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Penny Crosman
Penny Crosman
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Unplug and Enjoy the Break, If You Can

The downside of texting at the holiday dinner table.

A few recent surveys show that too many people plan to text and check email over the holiday break.

A Symantec survey of 117 employed smartphone users (recruited through social media channels) found that 81% expect to use their smartphone to check work-related email while taking time off from work for the holidays. In addition, 77% plan to check personal email, 64% plan to make work-related phone calls, 48% plan to do work-related texting and 74% plan to do personal texting during the Christmas break.

In a survey of small business professionals conducted by Egnyte, again 83% said they plan to access work data using a smartphone during the approaching holidays -- 79% "when they can get away with it," 12% "during the drive to Grandmother's house" and 4% at the dinner table.

If you're a fireman, an IT person on call, or the CEO of a company in crisis, then of course, it's understandable that you would need to check every ping because it may be an emergency to which you have to respond. But for the rest of us, I'm guessing 80%-90% of texts sent over the holidays are of the "I M TTLY BRD RT NW" variety.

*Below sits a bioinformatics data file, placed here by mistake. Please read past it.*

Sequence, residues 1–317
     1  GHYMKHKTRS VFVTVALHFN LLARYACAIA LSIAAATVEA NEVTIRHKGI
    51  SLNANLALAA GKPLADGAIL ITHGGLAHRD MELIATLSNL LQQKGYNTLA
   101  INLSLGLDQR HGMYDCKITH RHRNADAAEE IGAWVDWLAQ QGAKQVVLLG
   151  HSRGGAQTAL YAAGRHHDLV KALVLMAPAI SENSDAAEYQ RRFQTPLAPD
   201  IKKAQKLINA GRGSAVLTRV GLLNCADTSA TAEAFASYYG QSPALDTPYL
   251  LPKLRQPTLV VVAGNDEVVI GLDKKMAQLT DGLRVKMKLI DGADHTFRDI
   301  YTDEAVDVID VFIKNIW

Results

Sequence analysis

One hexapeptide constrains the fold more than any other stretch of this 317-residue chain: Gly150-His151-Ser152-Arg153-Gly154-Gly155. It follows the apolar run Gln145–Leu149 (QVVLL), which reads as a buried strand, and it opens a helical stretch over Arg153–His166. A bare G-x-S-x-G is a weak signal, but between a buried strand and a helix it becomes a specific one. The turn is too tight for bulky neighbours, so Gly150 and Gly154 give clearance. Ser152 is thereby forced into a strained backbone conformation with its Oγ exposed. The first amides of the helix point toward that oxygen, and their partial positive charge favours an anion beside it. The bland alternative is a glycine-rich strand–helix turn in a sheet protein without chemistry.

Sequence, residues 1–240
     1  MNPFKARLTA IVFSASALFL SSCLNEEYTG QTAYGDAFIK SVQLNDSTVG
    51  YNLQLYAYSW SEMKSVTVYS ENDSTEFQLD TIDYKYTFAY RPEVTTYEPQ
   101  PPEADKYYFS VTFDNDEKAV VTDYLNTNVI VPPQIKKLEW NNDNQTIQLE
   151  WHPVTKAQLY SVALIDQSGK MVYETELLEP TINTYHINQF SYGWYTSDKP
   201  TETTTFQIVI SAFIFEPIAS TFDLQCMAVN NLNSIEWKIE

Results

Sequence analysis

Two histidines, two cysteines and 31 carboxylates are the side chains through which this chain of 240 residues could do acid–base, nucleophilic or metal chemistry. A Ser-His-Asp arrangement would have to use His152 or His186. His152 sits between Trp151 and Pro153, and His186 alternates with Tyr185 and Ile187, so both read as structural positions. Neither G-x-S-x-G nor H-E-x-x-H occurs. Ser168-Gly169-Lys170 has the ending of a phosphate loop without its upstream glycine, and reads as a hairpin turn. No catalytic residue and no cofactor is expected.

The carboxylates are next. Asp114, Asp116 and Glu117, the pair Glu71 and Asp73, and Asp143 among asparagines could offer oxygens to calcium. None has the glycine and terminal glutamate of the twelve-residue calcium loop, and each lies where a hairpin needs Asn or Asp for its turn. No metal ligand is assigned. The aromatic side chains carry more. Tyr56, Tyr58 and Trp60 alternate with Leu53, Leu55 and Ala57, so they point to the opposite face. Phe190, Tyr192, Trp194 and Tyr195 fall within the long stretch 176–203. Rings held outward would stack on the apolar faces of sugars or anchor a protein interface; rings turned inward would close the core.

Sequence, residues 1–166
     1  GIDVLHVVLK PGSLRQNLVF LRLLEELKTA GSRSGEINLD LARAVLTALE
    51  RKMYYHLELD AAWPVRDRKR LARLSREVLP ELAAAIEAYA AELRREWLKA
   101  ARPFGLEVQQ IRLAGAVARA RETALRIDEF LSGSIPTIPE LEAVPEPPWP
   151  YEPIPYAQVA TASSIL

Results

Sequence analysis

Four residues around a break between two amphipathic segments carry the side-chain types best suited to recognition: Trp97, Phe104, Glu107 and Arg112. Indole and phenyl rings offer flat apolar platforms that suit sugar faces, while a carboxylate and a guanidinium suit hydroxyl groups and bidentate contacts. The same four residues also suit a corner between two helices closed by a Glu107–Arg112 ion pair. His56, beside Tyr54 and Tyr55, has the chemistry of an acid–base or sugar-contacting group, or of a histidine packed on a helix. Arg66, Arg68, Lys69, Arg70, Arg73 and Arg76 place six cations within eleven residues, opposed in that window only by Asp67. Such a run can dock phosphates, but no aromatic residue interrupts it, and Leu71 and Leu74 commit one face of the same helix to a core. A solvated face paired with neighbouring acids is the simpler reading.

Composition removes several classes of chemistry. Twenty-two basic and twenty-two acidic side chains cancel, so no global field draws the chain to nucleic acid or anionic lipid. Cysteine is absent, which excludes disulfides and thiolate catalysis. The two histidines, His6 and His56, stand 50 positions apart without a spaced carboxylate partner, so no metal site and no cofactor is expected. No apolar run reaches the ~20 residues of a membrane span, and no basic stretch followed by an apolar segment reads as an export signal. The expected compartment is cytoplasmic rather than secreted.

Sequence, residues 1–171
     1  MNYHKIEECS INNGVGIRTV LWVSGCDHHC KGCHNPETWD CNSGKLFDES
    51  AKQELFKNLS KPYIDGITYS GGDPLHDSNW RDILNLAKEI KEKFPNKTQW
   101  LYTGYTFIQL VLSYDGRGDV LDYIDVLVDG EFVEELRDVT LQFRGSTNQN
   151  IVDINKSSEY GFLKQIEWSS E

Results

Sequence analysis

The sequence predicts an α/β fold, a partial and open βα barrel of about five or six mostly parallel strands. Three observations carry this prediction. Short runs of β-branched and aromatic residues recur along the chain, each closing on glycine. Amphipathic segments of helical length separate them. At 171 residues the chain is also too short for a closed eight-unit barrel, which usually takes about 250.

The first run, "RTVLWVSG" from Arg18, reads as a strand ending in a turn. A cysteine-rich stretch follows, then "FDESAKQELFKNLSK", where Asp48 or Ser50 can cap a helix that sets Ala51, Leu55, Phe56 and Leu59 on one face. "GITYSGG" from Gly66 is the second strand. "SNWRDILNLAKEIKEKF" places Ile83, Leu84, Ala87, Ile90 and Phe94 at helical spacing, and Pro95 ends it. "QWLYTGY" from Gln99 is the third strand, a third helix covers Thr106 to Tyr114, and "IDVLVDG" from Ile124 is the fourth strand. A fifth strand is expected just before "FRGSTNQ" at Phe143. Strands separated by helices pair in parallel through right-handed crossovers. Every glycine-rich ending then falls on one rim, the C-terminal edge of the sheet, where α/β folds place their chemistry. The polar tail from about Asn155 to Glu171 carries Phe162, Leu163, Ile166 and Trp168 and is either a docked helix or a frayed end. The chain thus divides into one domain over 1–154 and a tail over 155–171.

There are two problems with constant smartphone use over a holiday break, in my view. One is, generally speaking, checking texts and emails at a dinner table or any time others are speaking to you is discourteous (I realize this makes me sound 300 years old, but I've given this a lot of thought and believe it's true). Unless others are also texting or the messages are part of the group conversation or group plans, or you tell those you're with about the SMS conversation, it tells those trying to talk with you: "although I haven't looked at it yet, I am certain that this incoming text is much more important than you and what you're saying."

The second drawback to indulging a smartphone addiction during the holidays is that it can diminish the restful benefits of the vacation. A holiday break is a rare opportunity to think quietly, to reflect on the past year, and to set personal and professional goals for the coming year. If the time is frittered away with constant, unnecessary texting and emailing, you could end up more burned out at the end of the vacation than you are today.

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